Stunning Summer Bloomers

Crape Myrtles can’t be beat for providing summer color in sunny spots.  We are well stocked with small to large Crape Myrtles.

If you want it to stay small try the Pocomoke Crape Myrtle.  

 A unique dwarf-sized, multi-stemmed shrub with panicles of dark rose pink flowers that bloom throughout the summer.  The dark green foliage turns bronze-red in fall.

Our larger Crape Myrtles include the Dynamite, Pink Velour and Tonto.  These range between 8 to 20 feet tall.  The multi-stemmed form is ideal for use as an accent shrub or small tree. 

If you need to fill a shady spot with summer color consider a Hydrangea.  Here are three that are sure to please.

Cherry Explosion Hydrangea is new to the market and sure to impress.  It is a perfect color to liven up those shady areas of your garden.  It is one of the brightest reds available in hydrangeas. 

Quickfire Hydrangea has flowers that open white then turn magenta as the summer progresses.  This very hardy shrub is perfect as an accent, in mass plantings or as a hedge, or cut flower.

Tuff Stuff Hydrangea is a fantastic new hardy, re-blooming Hydrangea that will provide months of enjoyment in the garden!  Lovely reddish-pink lacecap flowers create a mass of color in early summer, and continue to bloom right up until frost.


ANNUAL PERIWINKLE "VINCA" - Low maintenance, profuse bloomer that loves the sun and heat!  Fertilze occasionally. "BUTTERFLY RED" PENTAS - Attracts butterflies and hummingbirds!  Heat tolerant. MANDEVILLA VINE - Sun and heat loving vine that provides all summer color.  Deer resistant. "KNOCK OUT" ROSE - Blooms from spring till frost!


It's fall and if you've been out walking or jogging or even driving, you may have noticed a small somewhat unkempt arching shrub that is displaying a massive amount of purple berries.

ZONE 5 or ZONE 6?

You probably hadn't noticed, but while the debate over whether or not our climate is changing and our planet is experiencing a general warming trend, the nation's hardiness zone maps were reconfigured several years ago. So, as you read this while looking out over another fresh coating of snow, and feeling single digit temperatures for the umpteenth time this winter, keep a wary mind over what I'm about to tell you!

Trees for small or narrow spaces

In the urban community, we are finding, more and more, that the desire to plant trees in smaller, more confined spaces is becoming more popular. Folks with smaller yards are still seeking to obstruct a view or provide shade to a deck or patio but think they are limited because the space they have available won't handle a large shade tree. We have recently stocked our nursery with several choices of trees that lend themselves to situations such as this. For planting in the strip between the street and sidewalk, we are recommending the versatile Upright European Hornbeam.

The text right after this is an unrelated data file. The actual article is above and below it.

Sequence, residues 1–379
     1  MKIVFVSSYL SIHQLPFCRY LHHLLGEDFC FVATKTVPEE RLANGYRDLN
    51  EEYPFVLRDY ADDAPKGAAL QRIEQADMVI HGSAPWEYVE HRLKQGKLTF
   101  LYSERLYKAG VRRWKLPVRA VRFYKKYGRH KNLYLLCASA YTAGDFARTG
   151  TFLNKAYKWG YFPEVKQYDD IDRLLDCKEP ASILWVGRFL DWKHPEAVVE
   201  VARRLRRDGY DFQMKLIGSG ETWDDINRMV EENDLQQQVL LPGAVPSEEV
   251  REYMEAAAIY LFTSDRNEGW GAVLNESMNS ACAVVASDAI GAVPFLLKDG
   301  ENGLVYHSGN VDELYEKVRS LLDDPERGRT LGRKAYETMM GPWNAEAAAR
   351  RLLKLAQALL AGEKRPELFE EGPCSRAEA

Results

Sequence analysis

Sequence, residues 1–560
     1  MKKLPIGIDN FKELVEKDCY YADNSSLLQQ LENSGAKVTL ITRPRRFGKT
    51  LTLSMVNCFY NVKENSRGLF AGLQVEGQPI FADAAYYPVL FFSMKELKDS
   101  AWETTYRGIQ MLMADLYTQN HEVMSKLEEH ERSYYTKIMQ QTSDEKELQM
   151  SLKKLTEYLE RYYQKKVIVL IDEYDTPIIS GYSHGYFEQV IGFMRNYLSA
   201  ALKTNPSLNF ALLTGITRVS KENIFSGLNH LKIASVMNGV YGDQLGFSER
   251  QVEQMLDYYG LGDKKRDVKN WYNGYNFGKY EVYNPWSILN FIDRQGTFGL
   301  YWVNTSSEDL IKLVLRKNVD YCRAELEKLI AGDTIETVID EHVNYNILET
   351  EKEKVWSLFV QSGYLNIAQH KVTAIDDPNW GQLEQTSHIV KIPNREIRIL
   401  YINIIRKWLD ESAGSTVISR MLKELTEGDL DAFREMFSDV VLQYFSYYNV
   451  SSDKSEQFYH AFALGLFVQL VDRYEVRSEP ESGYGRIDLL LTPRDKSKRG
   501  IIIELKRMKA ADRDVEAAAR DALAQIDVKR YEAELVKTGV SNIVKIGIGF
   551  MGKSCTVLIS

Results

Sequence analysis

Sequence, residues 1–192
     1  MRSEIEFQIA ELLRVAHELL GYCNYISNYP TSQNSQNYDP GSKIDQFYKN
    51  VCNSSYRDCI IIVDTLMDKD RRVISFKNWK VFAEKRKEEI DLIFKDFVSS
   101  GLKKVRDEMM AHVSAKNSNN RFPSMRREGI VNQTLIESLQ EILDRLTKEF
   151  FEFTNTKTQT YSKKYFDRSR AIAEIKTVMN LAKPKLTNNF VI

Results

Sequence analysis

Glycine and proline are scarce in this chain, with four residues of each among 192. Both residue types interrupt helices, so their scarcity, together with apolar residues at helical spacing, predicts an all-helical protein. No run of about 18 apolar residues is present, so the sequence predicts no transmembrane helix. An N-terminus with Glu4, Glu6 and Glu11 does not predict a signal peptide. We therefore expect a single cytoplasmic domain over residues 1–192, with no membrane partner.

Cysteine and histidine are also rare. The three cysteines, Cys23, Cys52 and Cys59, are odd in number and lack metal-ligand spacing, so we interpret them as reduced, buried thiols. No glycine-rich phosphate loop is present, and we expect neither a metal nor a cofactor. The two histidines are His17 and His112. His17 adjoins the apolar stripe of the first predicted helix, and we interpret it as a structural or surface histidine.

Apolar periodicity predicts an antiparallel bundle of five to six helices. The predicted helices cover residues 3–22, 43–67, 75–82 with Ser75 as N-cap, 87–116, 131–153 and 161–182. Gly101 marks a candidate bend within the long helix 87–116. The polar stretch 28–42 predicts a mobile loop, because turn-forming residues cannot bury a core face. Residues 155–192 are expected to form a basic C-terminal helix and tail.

Ahhh...nothing quite like the smell of lilacs in the spring! Try planting one right outside a window-you won't regret it!

Spring Forward

It's that time of the year when we all anticipate the first color of the fresh, new year in the landscape! As the end of one of the mildest winters in recent memory nears, our enthusiasm is no less significant. Witchhazels (Hamamelis spp.) are typically the first hardy shrubs to bloom in this area. We, in particular, like the Arnold Promise variety as its bright yellow blossoms stand out cheerfully in the otherwise bleak planting.

Think Spring with Witchhazel 'Arnold Promise'

It's that time of year...with so much springtime anticipation that you will start to notice the striking witchhazels in full bloom! The bright lacey yellow flowers help to make this shrub often mistaken for forsythia, but don't be confused, witchhazel flowers appear much earlier in the season. We like 'Arnold Promise' because this cultivar consistently blooms yellow and usually begins its winter show some time in February. Give witchhazel ample room as they can grow 10-12'; tall with a similar spread. Best flower occurs in bright sun but they will still perform in a semi-shady situation. Golden yellow fall foliage color can add a second season of interest.